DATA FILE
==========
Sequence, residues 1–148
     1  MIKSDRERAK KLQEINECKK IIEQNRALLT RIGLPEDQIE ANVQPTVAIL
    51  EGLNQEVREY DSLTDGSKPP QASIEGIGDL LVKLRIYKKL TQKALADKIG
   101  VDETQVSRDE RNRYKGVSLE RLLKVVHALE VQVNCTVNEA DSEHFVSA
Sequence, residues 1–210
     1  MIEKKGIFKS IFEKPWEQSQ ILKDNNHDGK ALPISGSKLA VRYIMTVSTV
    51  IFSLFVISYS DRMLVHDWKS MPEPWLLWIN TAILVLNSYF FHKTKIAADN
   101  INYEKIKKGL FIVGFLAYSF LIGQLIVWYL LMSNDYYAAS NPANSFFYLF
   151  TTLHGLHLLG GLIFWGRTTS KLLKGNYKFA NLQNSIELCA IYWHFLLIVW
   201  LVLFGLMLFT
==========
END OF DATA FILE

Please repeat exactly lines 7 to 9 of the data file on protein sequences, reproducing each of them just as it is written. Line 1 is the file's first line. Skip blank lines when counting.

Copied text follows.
    51  IFSLFVISYS DRMLVHDWKS MPEPWLLWIN TAILVLNSYF FHKTKIAADN
   101  INYEKIKKGL FIVGFLAYSF LIGQLIVWYL LMSNDYYAAS NPANSFFYLF
   151  TTLHGLHLLG GLIFWGRTTS KLLKGNYKFA NLQNSIELCA IYWHFLLIVW